Core Labs (NYSE:CLB) isn't a business that will be familiar to most people when considering dividend payers in the oil sector. However this is a business that is well worth putting on one's watch list. The business offers a rather nice 2% dividend that has been strongly growing since it was introduced in 2008. Core Labs hasn't been immune to the general turmoil in the oil sector and the company's share price has shown annual declines since 2014. Current pricing may represent attractive entry points for long term dividend holders.
High quality business that benefits from a network effect
Core Labs is a service provider to the oil and gas sector. The company offers software solutions and analytics that allow oil and gas producers and explorers to better understand their available reservoirs and optimize extraction techniques to maximize yield.
Core Labs has been benefiting from trends that have been taking place in the oil sector in recent years. With declines in low cost, easily accessible oil fields, producers have been laser focused on increasing yields from existing reservoirs. Additionally, deep sea drilling and shale exploration have served to propel increases in the business in recent years.
Core Labs has a strong network effect that solidifies with each additional customer. Each new reservoir that Core services provides additional data that helps improve Core's reservoir and geology mapping. This in turn strengthens the quality of the data set that it is able to offer to new customers and the analytical insights that it can offer to improve reservoir utilization.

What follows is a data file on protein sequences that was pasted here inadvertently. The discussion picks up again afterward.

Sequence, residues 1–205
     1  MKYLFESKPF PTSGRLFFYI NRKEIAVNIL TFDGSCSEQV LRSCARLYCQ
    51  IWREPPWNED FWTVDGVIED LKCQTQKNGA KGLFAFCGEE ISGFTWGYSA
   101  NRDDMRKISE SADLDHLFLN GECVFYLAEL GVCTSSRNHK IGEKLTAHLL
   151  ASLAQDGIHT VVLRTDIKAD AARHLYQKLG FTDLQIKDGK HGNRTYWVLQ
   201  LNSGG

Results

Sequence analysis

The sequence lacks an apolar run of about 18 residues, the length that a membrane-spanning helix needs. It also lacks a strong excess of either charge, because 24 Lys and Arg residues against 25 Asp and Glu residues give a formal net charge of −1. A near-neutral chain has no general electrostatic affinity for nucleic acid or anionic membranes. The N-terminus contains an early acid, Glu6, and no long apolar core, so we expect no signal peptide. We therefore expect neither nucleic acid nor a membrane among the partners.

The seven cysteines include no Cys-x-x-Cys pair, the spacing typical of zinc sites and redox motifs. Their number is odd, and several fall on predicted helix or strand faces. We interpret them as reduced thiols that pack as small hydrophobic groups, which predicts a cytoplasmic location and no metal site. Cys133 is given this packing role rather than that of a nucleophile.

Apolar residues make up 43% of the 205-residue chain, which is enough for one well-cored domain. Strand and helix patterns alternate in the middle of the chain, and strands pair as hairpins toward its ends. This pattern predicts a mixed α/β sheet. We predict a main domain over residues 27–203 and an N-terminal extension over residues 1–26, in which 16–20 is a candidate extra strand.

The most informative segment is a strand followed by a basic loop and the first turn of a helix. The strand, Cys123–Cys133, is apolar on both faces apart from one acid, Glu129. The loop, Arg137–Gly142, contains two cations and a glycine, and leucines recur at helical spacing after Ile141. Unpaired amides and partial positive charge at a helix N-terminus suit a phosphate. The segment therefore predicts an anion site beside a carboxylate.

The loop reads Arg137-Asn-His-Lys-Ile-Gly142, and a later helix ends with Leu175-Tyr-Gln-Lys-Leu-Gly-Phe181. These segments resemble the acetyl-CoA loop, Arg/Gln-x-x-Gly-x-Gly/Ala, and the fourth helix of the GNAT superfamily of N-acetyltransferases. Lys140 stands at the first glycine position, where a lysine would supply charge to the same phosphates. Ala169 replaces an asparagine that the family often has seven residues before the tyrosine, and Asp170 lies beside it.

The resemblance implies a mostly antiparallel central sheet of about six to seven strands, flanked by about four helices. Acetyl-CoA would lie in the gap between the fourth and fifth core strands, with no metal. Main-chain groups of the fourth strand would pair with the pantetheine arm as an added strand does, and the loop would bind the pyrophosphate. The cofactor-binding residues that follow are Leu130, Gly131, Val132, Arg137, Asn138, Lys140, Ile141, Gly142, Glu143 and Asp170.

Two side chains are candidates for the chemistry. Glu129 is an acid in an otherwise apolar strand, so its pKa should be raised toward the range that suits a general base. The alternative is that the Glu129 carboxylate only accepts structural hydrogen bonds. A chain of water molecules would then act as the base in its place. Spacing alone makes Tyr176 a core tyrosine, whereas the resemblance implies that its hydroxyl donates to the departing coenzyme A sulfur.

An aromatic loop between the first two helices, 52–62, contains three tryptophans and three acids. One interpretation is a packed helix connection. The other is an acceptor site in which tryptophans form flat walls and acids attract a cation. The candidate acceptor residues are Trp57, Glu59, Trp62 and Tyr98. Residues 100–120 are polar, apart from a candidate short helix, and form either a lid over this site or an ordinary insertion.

A very unique business in the oil sector
Core is unlike almost any business in the oil sector. It has much higher returns on invested capital and higher revenue to cash flow conversion. Core has had returns on invested capital at close to 50% over the last few years, and has even managed almost 30% in the midst of a terrible industry downturn in 2015. This is substantially better than other oil services companies such as Schlumberger (NYSE:SCL), which has a return on invested capital of just 4%, and more than double high quality integrated businesses such as Exxon, which have returns on invested around 15%. Such high rates of return on invested capital auger well for future earnings generation to investors. Provided Core Labs has good future growth opportunities, Core will be able to derive substantial future earnings growth.
Core has amongst the best revenue to cash flow conversion rates in the oil sector as well. The oil sector is full or explorers and refiners that are capital intensive with very modest free cash flow conversion. Exxon (NYSE:XOM) and Chevron (NYSE:CVX) are only able to convert 2-3% of revenue to free cash flow. Even Schlumberger is only able to convert 15% of revenues to free cash flow. Core consistently converts close to 25% of revenues to free cash flow.
Good dividend potential and strong prospects for capital growth